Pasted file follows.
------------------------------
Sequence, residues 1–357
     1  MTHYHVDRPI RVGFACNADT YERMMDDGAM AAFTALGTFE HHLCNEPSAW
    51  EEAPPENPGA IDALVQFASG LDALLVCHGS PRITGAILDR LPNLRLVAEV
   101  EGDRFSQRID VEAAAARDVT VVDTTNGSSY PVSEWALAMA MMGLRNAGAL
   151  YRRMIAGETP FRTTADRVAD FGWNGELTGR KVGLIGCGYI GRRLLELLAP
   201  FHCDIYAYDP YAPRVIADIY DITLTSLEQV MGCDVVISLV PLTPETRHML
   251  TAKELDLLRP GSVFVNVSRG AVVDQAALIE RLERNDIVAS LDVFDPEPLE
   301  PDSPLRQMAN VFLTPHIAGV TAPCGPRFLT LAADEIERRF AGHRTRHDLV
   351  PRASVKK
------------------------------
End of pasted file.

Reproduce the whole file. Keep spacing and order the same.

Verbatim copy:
Sequence, residues 1–357
     1  MTHYHVDRPI RVGFACNADT YERMMDDGAM AAFTALGTFE HHLCNEPSAW
    51  EEAPPENPGA IDALVQFASG LDALLVCHGS PRITGAILDR LPNLRLVAEV
   101  EGDRFSQRID VEAAAARDVT VVDTTNGSSY PVSEWALAMA MMGLRNAGAL
   151  YRRMIAGETP FRTTADRVAD FGWNGELTGR KVGLIGCGYI GRRLLELLAP
   201  FHCDIYAYDP YAPRVIADIY DITLTSLEQV MGCDVVISLV PLTPETRHML
   251  TAKELDLLRP GSVFVNVSRG AVVDQAALIE RLERNDIVAS LDVFDPEPLE
   301  PDSPLRQMAN VFLTPHIAGV TAPCGPRFLT LAADEIERRF AGHRTRHDLV
   351  PRASVKK